MOSCOW, Aug. 31 (Xinhua) -- Russian President Vladimir Putin's spokesman Friday criticized U.S. Republican presidential nominee Mitt Romney for his tough words on Moscow.
The former Massachusetts governor on Thursday night accepted Republican Party's nomination to run against President Barack Obama in the coming election.
In his prime-time speech, Romney vowed to take tougher stance on relations with Russia and Putin if he wins the presidential race.
Commenting on Romney's speech, Putin's spokesman Dmitry Peskov said that U.S.-Russia relations should not be hijacked by the election debates.
During previous official meetings at various levels, Moscow and Washington have reached consensus that "it was inadmissible for the bilateral ties to fall victim to the pre-election debates," RIA Novosti news agency quoted Peskov as saying.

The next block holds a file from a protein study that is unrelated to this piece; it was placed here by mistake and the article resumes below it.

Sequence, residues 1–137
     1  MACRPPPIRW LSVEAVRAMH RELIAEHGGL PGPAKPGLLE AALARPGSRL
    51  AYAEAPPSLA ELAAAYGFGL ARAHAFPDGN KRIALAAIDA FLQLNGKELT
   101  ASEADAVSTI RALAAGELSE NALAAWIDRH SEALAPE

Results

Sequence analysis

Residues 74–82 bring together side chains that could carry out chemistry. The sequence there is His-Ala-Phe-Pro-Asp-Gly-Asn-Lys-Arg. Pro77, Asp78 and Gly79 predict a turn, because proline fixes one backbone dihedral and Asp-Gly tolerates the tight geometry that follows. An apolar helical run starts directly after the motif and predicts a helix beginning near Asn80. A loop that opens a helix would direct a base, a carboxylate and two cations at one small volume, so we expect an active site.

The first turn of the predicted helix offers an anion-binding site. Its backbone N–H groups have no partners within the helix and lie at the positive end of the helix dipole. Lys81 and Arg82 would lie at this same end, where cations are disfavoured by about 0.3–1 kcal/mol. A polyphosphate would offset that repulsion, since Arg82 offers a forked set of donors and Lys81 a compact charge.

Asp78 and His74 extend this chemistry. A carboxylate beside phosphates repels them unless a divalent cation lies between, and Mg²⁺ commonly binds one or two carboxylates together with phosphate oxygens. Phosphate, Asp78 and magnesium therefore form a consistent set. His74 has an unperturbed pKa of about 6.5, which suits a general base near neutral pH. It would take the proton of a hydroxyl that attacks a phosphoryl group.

President Putin has said several times Russia was interested and would continue to be willing to develop bilateral ties with the U.S. side, Peskov added.
Local experts said Romney's comments on Russia was similar to that of the former George W. Bush administration during the second presidency.
A possible victory of Romney in the upcoming November election would not seriously damage the bilateral ties, Alexei Pushkov, head of Russia's State Duma Committee of International Affairs told local media.
After Russia's accession to the World Trade Organization (WTO) in August, Moscow does not need much support of Washington. Meanwhile, the U.S. needs Russia's support on Iran, Afghanistan, nuclear nonproliferation and many other international issues. The deteriorated bilateral ties would cost the U.S. much more than Russia, Pushkov said.